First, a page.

I was very pleased with my breakfast (although I usually have good luck with airline breakfasts.) We were given the option of cold cereal or a hot meal; not surprisingly, almost everybody opted for the hot meal.
My breakfast consisted of: an egg-and-cheese quesadilla with a side ramekin of salsa, sausage links, and a fresh fruit platter. We were also offered a choice of biscuits, bagels or rolls.
We crossed into Kansas during breakfast and the landscape began to really flatten out. Our route took us over St. Joseph, Missouri, just north of Kansas City, and out towards Topeka and Salina:
Midway through the flight, passing over snow-covered fields just outside of Garden City, Kansas (note that the snow cover is beginning to thin out):
At this point I was glued to the window - watching the landscape become drier and more rugged was interesting. Here we are flying over the southeastern corner of Colorado:
Eventually the majestic Front Range of the Rocky Mountains appeared on the horizon (it looked like a line of clouds initially, but as we came closer it was easier to see the mountains):
Passing over the small town of Raton, New Mexico and Interstate 25:
As we pushed into western New Mexico the landscape dried out completely and the snow disappeared. Our route took us right over the Petrified Desert National Park, which the captain pointed out to us (it was difficult to discern anything down there, however.) I spotted Interstate 40 threading through the desert below, and a huge industrial facility with lots of smokestacks (anybody know what that might have been?) Not long after the engines throttled back and the crew announced our arrival into Phoenix.
Over the Coconino National Forest, starting our descent about 100 miles northeast of Phoenix:
The scenery outside was gorgeous; by this point almost every passenger was looking out the window as we descended. We flew parallel to Arizona Highway 87 for quite awhile, passing by the Bartlett Reservoir in the mountains northeast of the city:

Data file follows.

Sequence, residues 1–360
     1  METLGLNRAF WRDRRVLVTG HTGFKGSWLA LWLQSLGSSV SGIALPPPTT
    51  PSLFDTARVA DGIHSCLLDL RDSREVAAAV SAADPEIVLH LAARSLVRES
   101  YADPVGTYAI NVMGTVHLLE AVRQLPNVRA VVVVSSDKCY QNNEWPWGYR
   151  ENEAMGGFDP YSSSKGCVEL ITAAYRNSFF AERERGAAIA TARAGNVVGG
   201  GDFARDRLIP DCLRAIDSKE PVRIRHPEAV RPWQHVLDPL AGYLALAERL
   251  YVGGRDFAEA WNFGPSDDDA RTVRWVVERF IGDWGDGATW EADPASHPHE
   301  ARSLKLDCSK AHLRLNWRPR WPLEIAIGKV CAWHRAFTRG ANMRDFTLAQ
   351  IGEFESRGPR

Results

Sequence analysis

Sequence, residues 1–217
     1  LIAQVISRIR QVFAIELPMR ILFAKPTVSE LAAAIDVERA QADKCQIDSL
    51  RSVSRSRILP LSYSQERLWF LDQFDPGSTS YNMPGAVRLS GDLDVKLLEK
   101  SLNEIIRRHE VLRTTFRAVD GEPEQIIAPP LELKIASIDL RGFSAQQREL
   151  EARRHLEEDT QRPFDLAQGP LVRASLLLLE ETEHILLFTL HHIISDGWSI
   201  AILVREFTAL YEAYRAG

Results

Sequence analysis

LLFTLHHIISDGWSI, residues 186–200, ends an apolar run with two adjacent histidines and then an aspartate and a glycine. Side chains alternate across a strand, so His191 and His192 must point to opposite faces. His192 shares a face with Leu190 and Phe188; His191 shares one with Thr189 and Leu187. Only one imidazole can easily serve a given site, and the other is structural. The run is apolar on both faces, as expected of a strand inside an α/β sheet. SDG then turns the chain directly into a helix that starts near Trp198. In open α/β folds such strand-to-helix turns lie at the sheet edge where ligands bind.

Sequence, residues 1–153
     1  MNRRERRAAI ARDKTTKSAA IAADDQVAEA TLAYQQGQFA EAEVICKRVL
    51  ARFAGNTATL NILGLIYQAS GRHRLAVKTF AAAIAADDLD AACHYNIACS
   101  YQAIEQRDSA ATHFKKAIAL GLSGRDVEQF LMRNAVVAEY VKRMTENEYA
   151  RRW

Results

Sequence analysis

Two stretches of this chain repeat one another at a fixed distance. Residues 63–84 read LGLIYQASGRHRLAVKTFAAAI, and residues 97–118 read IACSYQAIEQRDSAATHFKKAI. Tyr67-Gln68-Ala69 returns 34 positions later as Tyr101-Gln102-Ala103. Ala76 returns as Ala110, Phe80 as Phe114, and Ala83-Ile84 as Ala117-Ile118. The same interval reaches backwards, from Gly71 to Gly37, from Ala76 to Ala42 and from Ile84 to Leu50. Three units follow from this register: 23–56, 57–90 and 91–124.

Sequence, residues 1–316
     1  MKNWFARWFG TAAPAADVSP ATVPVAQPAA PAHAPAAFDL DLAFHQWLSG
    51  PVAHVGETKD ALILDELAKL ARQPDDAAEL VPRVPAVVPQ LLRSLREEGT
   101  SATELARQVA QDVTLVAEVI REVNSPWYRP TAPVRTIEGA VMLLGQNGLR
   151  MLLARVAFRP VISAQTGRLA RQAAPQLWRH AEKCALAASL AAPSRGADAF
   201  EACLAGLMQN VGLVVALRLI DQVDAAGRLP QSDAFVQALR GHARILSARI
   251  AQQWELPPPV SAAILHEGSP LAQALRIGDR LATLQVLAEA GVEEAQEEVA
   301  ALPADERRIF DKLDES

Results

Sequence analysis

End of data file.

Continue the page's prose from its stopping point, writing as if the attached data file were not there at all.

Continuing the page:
Spoilers came up for a few minutes as we headed down lower and lower, and before long I could see the Phoenix metro area spreading across the desert floor ahead of us.
The first signs of civilization - the northeast corner of Scottsdale and the Pima Freeway:
A close-up of the Scottsdale Airport:
Crossing Paradise Valley, with a corner of Camelback Mountain visible at left center:
Flying over Squaw Peak and the Squaw Peak Parkway:
Heading across northern Phoenix on the downwind leg, with the 17 Freeway and Metrocenter Mall visible:
It was a stunningly beautiful day in Phoenix - sunny with incredibly clear skies. Here we are turning base over Glendale:
Lining up on finals above Interstate 10, the Papago Freeway:
Our final approach paralleled the dry Salt River bed, with the South Mountains off in the distance:
Our MD80 touched down on Sky Harbor's Runway 8R (the newest runway, opened just a few years ago) just about ten minutes behind schedule:
I hadn't expected PHX
to be as busy as it was - but as we turned off the runway I could see four or five more aircraft stacked up to land behind us. We had to hold short of Runway 8L
to allow a Southwest 737 to depart, then crossed over just beyond Terminal 4:
America West aircraft lined up on one of T4
's concourses - look for the special Arizona aircraft:
The daily Hawaiian 767, taxiing out for departure to Honolulu:
Finally, pulling into Gate 2 on Terminal 3's South Concourse, with the main terminal visible:
Sky Harbor's Terminal 3 will be 25 years old this year, but it still looks pretty good inside. The South Concourse handles American, ATA, Midwest and Aloha flights, but wasn't too busy this time of the day:
This was an amazing trip - aside from the comfort of first class, the attentive service, and the good food, the weather conditions throughout the flight were spectacular. It was a great day for flying - the pictures don't do it justice, but I hope you enjoyed them nonetheless!
Watch for the return trip in the next day or so!